Agassiz local and organizer of Tulips of the Valley started creating this hyacinth mosaic to honour the Canucks, but upon learning about the impending retirement of Henrick and Daniel Sedin, devoted it to the twins and their contributions to Agassiz. Photo/Jacoba Schroevers

Retiring Sedin twins made big contributions to Agassiz

Tulips of the Valley pays tribute to players

The tulips have yet to show their blooms, but Kate Onos-Gilbert – the Agassiz local behind the popular Fraser Valley tulip festival, Tulips of the Valley – said within weeks they will be brightening up 20 acres of the Chilliwack land where she now runs the flower-filled spectacle.

After 10 years on Seabird Island land, Tulips of the Valley took a brief hiatus before returning in a new location in Chilliwack in 2017.

For now, the fields are lined with new additions – 17 varieties of sunny daffodils and over 10 varieties of fragrant hyacinths.

And there’s another addition, one dedicated specially for Agassiz and the retired Sedin twins of the Vancouver Canucks.

READ: Vancouver hockey fans bid fond farewell to Sedin twins

Onos-Gilbert used her bright spring flowers to create hyacinth mosaics, and made one specifically as a tribute to Daniel and Henrick Sedin, who in 2014, through the Sedin Family Foundation, provided equipment for Kent’s Community Recreation and Cultural Centre (CRCC) and contributed $50,000 towards building the Kent Elementary playground.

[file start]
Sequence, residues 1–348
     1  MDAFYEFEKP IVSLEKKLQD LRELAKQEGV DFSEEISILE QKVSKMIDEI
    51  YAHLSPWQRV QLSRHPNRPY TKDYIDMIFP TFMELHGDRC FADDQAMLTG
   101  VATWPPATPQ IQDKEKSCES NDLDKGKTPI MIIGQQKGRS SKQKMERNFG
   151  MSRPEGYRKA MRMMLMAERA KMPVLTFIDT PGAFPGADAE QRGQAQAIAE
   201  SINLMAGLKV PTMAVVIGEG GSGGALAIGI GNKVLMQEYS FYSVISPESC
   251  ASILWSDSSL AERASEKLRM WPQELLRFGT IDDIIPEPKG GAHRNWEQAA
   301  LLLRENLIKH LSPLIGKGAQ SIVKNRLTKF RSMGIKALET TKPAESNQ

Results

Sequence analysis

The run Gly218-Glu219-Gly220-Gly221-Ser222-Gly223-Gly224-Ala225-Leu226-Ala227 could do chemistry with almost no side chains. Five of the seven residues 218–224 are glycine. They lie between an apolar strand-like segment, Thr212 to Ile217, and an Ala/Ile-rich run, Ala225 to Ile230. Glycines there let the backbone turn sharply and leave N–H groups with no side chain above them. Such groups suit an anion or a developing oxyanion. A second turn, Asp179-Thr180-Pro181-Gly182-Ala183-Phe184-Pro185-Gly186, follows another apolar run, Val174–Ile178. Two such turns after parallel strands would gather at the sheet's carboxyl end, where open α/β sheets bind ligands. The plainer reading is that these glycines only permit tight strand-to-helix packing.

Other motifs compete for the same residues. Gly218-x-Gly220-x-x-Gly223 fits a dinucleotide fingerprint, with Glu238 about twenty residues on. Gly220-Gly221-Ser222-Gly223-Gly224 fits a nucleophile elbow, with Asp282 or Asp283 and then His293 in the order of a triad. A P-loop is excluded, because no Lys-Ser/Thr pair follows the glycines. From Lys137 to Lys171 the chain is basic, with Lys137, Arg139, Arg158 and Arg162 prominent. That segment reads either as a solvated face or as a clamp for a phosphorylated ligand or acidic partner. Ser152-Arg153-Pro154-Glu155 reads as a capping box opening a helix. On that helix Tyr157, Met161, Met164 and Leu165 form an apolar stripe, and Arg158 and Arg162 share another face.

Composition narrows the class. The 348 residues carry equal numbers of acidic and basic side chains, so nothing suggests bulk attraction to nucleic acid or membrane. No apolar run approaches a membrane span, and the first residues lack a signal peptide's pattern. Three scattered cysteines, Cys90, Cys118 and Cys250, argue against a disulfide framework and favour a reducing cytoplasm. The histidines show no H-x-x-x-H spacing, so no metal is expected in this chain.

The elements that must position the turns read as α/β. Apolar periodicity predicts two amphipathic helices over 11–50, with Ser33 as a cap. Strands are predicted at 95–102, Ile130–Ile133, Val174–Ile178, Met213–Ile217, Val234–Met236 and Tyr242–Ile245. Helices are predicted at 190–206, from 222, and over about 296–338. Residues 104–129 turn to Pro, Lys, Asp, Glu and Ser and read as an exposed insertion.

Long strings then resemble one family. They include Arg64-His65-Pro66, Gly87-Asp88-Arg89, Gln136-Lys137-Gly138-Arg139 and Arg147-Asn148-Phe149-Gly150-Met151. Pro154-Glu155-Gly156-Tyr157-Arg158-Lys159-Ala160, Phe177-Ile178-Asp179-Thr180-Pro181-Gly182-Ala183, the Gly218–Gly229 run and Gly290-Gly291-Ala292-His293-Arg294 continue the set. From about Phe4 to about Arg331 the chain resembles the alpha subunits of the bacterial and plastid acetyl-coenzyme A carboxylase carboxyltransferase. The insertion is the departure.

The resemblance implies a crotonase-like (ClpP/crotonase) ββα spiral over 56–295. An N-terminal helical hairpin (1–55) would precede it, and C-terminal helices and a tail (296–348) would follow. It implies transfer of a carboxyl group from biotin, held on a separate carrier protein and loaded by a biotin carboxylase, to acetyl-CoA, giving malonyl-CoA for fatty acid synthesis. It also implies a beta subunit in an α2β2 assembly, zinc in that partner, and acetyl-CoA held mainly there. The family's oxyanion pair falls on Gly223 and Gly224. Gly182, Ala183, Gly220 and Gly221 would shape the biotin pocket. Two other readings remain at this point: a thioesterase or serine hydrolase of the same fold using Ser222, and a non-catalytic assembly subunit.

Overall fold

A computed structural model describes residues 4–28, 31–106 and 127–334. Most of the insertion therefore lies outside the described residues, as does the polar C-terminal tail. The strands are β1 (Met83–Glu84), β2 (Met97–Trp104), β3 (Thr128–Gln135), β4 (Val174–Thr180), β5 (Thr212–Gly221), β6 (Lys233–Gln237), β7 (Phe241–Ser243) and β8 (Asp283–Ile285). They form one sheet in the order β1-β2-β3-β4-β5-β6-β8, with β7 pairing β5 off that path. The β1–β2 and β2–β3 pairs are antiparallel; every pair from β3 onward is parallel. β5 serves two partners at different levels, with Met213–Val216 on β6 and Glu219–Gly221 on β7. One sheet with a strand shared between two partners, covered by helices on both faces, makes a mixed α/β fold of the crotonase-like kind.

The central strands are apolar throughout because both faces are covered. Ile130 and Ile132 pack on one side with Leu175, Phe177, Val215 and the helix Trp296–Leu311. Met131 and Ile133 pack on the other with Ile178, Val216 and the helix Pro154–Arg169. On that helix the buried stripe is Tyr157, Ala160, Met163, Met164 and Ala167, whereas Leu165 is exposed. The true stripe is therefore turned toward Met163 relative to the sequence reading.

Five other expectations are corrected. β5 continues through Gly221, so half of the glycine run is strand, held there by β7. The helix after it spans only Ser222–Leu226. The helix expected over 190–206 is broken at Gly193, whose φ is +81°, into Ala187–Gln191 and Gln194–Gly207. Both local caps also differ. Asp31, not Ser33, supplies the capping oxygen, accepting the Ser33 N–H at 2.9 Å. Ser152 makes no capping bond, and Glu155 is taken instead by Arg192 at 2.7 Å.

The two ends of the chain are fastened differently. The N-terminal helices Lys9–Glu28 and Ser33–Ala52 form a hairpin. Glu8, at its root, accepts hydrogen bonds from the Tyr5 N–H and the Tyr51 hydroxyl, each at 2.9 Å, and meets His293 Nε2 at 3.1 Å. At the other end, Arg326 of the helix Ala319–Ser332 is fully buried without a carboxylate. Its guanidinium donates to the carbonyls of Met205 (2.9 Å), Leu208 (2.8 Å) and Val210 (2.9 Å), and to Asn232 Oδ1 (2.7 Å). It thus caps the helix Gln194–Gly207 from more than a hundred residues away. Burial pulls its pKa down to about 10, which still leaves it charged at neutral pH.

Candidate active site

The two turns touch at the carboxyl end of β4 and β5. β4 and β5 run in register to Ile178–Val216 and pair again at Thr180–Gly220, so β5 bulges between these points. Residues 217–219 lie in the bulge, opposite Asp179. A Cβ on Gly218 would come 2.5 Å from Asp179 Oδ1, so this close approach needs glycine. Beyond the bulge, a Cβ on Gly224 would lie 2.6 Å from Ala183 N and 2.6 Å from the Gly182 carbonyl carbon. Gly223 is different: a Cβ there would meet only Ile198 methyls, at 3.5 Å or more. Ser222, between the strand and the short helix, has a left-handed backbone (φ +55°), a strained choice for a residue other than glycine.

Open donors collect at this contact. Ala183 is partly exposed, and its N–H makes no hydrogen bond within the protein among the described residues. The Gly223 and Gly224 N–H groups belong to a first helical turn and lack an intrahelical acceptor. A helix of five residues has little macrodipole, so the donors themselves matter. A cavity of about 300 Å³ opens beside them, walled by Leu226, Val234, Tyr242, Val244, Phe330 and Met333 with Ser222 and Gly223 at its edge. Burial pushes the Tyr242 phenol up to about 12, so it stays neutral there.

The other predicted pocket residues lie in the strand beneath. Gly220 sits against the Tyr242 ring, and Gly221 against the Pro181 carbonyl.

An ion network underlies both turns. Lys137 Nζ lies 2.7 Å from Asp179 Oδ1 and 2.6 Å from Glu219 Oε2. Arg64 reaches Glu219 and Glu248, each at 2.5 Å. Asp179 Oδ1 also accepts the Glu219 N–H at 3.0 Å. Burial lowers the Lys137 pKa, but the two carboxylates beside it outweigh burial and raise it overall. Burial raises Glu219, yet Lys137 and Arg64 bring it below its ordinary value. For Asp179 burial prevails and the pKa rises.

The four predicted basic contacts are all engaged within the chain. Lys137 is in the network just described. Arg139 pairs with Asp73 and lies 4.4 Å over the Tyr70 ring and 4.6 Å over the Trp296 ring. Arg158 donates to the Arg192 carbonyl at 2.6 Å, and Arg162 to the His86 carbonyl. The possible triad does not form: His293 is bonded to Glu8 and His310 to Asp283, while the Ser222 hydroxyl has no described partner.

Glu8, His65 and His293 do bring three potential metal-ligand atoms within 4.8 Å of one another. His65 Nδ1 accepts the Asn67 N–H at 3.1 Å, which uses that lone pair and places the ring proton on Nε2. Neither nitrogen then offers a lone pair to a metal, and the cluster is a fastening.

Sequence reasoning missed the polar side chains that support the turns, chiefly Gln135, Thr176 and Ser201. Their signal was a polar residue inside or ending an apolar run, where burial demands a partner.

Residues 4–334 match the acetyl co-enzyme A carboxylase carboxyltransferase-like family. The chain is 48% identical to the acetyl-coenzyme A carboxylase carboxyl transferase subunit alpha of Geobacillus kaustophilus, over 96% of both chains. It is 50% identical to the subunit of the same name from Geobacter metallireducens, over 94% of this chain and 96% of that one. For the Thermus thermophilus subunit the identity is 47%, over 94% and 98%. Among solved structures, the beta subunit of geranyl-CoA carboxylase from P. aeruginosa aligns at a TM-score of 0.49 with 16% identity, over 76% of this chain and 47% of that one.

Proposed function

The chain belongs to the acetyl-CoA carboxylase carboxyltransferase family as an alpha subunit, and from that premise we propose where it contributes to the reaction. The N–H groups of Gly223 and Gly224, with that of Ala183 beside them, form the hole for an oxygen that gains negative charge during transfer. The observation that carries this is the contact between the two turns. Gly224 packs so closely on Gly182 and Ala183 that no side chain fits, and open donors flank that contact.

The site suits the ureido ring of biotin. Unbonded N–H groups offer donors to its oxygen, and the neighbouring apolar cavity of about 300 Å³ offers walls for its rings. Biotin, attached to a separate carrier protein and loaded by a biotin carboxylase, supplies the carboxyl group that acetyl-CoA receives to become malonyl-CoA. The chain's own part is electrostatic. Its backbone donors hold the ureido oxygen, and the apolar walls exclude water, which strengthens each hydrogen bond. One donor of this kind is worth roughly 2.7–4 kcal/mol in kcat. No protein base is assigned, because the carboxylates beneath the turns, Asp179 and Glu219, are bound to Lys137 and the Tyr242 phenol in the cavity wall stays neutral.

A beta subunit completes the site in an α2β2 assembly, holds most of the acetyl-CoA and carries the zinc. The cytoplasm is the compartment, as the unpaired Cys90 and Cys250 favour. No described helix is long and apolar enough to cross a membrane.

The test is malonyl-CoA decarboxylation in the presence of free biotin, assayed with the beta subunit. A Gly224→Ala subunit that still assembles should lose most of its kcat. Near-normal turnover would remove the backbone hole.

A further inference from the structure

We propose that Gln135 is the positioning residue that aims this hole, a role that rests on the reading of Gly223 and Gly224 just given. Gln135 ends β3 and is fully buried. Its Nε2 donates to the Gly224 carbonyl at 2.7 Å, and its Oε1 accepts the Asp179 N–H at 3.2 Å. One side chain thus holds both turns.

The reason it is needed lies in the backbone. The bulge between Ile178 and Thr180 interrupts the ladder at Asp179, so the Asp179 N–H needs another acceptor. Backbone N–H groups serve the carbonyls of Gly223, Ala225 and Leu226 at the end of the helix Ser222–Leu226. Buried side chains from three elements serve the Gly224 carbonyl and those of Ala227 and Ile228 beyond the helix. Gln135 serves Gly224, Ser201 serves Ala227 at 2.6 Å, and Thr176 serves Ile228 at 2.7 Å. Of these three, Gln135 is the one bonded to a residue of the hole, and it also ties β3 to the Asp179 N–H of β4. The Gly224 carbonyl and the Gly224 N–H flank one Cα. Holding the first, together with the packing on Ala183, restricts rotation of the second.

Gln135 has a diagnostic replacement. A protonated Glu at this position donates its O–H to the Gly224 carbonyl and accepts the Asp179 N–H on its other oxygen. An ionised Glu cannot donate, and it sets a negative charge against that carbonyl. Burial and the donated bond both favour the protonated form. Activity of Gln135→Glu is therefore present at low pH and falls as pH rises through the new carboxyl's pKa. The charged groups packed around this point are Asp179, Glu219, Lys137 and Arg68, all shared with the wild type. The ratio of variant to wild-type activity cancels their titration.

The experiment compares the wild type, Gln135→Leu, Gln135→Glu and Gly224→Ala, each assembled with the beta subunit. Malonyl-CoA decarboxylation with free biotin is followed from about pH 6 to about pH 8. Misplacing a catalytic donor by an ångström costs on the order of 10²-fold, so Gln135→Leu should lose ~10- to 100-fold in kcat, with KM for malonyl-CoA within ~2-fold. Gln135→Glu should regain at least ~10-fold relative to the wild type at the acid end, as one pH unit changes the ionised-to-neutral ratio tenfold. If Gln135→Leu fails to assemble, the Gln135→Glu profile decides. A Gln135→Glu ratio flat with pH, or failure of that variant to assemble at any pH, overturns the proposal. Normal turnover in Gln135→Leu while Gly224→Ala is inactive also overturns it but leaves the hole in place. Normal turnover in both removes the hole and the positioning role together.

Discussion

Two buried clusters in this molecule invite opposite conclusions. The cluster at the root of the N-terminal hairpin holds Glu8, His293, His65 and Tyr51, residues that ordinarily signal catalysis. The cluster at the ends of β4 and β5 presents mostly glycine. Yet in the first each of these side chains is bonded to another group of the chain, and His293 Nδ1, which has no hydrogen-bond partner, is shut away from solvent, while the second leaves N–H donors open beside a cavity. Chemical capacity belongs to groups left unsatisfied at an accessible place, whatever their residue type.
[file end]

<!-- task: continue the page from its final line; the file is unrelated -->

Two of Onos-Gilbert’s Agassiz-raised kids were attending the elementary school at the time.

“Me, being from Agassiz, and our festival having been in Agassiz, it just kind of fit,” said Onos-Gilbert.

“We had planned on making a tribute to the Canucks anyways … It was really quite opportune that the Sedins announced that [they were retiring] as we were creating this, so it worked really nicely that we could use it as a tribute.”

READ: Sedins bring cash, play ball hockey in Agassiz

In 2014, the famous hockey twins visited Agassiz after officially launching the Sedin Family Foundation and designating Agassiz as one of the first beneficiaries.

The pair signed jerseys, posed for photos, cut ribbons and even played a round of floor hockey at the CRCC with some locals.

“This goes to show the type of people they are,” school trustee Ron Johnstone told The Observer back in 2014.

“They are great role models for our youth. It’s nice to see professional athletes be something other than professional athletes; they are community contributors.”

Kent Mayor John Van Laerhoven recalled being shocked by the famous players’ kind, humble demeanour.

“They really wanted to play with the kids!” he said, recalling the day the Sedins visited Agassiz.

“We cannot thank the Sedin Family Foundation enough for their generosity and investment in our community,” he told the foundation in 2014.

The Sedin Family Foundation supports community projects around B.C. that contribute to children’s health, education and family wellness.

Canucks fans said goodbye to the beloved players at their last home game at Vancouver’s Rogers Arena April 5.

– with files from

Jessica Peters

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